How do you deal with dancers feeling inadequate at dance competitions against other studios with a great reputation?

The had some great ways of dealing with, and preventing, the pain, frustration and overwhelming feelings that can come along with that “not good enough” attitude that gets stuck in our own and our dancers’ heads.

I emphasize the importance of focusing on their individual performances and not on overalls. They can only control what they do on the stage and what they do in preparation (technique class!!).
Elise H. 

Remind students they are competing against a score, not another dancer. Also teachers should make sure they place students in correct categories. Don’t play dancers off one another.
Miss Kathy


I try to focus my students on personal progress. Have you put in your best efforts in rehearsal? If so then your best is all you can do. We celebrate the little victories like moving up in their adjudications or not being corrected by a judge for something they’ve been working on. Also, I make sure to point out really great performers from other studios and encourage my dancers to watch and learn from how they command the stage.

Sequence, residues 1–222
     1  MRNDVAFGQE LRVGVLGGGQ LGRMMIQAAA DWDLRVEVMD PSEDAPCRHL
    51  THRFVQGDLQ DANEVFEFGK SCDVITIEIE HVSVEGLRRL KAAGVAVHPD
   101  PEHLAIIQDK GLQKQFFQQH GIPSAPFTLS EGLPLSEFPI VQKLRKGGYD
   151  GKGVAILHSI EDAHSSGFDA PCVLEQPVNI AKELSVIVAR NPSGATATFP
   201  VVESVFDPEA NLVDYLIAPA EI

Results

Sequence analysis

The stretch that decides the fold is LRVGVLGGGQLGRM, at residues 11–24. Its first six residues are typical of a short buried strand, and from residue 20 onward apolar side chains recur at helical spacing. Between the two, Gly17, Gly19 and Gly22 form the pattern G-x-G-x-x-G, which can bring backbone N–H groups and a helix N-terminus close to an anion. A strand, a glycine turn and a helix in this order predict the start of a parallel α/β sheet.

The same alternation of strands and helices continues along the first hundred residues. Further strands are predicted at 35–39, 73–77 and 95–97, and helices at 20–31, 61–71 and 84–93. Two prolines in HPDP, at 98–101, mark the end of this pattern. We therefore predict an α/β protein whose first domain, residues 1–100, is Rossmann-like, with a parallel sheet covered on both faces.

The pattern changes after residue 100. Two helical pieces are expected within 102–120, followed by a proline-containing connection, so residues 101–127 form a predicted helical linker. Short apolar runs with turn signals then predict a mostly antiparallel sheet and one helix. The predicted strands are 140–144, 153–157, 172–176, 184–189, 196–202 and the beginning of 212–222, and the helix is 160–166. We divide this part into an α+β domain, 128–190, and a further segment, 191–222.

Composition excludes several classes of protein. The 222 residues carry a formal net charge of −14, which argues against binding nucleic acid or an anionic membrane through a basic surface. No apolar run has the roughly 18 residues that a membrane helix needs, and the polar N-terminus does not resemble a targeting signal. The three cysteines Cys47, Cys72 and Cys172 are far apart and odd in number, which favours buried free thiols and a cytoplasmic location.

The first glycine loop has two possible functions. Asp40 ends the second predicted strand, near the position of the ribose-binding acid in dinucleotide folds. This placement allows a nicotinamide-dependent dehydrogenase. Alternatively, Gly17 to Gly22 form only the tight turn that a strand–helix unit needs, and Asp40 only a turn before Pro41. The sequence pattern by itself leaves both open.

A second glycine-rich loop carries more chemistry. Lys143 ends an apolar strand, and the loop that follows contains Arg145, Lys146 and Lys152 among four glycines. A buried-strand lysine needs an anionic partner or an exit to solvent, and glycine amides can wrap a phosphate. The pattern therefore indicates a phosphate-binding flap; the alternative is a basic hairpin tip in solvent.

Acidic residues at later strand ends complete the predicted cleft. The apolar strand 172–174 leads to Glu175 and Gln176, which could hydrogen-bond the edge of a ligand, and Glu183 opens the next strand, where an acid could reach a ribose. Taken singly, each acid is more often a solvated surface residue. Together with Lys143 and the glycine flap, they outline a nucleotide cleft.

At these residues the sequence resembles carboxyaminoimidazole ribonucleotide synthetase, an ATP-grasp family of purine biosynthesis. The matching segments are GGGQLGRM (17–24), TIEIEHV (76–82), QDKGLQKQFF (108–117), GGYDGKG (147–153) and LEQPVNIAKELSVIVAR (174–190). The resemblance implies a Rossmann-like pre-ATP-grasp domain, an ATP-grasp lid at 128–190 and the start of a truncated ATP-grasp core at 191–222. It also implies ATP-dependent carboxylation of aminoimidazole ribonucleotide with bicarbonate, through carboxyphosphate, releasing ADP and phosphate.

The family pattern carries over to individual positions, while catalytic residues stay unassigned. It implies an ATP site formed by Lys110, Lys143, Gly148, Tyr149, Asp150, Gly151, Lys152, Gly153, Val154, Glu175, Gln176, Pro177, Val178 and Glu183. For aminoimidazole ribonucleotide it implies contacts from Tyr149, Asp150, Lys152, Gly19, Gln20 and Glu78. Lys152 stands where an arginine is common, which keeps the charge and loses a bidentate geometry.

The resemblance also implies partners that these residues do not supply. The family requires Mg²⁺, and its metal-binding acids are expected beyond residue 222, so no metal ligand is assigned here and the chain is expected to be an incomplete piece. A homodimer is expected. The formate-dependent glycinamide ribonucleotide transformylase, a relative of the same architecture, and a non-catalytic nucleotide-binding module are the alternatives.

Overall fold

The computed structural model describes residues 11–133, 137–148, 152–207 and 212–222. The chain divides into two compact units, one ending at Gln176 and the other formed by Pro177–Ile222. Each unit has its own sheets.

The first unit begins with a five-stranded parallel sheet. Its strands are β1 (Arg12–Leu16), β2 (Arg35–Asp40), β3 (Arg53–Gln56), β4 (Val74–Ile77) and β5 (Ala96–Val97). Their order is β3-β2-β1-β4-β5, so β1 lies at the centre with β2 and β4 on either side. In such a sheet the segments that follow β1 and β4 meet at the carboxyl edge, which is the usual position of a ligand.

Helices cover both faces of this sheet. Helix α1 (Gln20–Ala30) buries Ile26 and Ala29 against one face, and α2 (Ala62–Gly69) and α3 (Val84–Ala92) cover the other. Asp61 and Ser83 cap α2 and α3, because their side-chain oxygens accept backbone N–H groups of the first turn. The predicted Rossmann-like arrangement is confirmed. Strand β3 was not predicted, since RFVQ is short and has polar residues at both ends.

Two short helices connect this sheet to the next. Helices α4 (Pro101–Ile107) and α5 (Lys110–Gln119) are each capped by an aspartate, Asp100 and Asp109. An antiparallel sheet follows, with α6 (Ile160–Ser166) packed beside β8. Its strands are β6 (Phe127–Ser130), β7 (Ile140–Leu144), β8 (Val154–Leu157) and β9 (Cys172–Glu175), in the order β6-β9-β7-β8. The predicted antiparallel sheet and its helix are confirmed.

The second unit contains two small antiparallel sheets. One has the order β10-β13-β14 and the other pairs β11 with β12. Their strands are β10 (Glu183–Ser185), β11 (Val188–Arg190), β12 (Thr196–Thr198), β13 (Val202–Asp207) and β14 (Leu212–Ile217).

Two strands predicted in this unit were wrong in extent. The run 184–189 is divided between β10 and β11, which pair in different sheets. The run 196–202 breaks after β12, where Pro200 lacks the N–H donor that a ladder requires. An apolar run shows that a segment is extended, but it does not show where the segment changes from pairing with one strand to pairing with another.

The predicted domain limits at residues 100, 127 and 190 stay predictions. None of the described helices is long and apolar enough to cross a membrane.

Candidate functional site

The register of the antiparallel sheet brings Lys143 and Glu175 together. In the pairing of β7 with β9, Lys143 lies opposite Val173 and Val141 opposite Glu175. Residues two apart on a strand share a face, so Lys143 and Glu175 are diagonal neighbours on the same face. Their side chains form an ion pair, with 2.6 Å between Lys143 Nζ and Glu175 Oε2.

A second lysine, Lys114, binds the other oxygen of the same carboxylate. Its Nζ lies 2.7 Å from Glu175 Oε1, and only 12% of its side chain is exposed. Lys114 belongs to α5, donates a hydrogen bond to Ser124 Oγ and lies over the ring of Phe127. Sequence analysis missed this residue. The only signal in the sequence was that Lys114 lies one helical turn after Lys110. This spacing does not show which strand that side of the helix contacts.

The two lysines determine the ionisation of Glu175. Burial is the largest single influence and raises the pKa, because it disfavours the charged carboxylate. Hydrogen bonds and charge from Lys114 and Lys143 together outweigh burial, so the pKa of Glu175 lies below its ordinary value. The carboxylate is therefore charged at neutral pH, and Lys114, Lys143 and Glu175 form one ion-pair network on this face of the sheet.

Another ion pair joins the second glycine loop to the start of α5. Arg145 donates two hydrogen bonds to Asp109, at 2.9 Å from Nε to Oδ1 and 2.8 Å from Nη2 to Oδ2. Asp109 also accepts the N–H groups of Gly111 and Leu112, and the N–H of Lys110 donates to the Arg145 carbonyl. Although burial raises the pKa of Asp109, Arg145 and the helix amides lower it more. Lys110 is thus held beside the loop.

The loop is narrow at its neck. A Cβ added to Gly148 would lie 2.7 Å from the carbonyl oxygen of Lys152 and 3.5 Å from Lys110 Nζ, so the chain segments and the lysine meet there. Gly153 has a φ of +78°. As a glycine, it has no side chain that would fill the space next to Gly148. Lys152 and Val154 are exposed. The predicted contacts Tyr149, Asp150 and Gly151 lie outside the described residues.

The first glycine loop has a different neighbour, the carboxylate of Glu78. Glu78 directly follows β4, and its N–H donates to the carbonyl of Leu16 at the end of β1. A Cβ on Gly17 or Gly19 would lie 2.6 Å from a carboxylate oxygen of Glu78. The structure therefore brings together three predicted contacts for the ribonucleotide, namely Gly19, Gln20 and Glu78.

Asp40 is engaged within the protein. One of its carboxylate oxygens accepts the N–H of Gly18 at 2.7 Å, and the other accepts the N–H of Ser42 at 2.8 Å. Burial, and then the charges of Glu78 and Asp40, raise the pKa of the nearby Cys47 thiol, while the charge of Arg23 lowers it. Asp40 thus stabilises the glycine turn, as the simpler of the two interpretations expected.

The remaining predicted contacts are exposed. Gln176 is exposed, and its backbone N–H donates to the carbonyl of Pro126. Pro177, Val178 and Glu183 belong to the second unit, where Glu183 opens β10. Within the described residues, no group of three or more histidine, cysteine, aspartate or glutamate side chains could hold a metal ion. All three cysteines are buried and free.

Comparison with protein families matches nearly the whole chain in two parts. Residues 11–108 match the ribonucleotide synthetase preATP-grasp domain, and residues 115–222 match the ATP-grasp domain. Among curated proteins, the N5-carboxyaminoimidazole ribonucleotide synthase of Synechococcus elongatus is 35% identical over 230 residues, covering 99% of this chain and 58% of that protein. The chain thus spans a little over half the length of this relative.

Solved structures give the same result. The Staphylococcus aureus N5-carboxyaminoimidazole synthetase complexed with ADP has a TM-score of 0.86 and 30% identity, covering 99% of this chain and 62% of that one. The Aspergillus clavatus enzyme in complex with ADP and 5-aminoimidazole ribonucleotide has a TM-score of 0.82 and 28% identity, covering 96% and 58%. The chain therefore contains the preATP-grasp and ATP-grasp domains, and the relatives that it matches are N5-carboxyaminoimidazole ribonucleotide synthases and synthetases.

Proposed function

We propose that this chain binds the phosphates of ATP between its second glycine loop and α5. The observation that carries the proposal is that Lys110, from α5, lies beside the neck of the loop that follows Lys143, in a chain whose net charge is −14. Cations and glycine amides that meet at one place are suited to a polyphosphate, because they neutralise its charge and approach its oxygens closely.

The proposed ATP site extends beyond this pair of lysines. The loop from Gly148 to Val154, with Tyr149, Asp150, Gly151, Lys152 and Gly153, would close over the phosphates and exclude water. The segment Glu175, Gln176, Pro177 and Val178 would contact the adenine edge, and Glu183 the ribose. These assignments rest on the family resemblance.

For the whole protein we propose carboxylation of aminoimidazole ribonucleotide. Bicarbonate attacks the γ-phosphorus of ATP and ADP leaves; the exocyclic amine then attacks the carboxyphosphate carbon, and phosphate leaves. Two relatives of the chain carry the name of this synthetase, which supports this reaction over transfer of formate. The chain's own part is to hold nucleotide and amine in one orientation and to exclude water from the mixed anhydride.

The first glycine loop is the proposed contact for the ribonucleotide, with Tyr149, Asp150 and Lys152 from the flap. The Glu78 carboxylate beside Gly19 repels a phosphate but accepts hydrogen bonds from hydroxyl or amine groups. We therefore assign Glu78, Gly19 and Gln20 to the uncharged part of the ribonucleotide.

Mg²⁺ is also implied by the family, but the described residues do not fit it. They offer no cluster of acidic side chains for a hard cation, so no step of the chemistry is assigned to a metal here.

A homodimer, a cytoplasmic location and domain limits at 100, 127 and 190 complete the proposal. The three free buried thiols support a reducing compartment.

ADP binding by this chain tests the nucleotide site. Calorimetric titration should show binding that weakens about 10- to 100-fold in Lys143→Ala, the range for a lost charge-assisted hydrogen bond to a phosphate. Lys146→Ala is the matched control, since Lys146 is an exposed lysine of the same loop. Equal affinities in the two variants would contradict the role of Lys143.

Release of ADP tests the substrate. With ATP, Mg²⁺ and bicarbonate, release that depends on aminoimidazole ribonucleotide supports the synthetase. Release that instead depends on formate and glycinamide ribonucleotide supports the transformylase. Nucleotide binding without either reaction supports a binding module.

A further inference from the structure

Eva M. 

I think it’s important to prepare the dancers in the rehearsal process to not be intimidated by other studios. Reinforcing that their confidence in what they are bringing to the stage should be their focus is important to me. At the same time, being inspired by other great dancers is always encouraged.
Mr. Brian 

How else can we get out of our own heads and use more advanced dancers to inspire us and our students? Share your thoughts in the comments.

** Got a question? Get in touch. Know someone who should be featured on our panel? Nominate them. **

Judges’ Table with Taryn

Name: Taryn Molnar LancasterTaryn Molnar 1

Time Judging: Five Years

Competitions: Bravo!, Starquest, Access Broadway

What’s the best/most memorable number you’ve seen at competition? A tap solo to spoken word (written by the dancer). I cried!

What’s your biggest performance pet peeve? Over-the-top, inauthentic faces. Choreography/costumes that are not age appropriate. Unnecessary use of props/sets.

What are you looking for when judging? Story-telling, energy, and of course, stretched feet!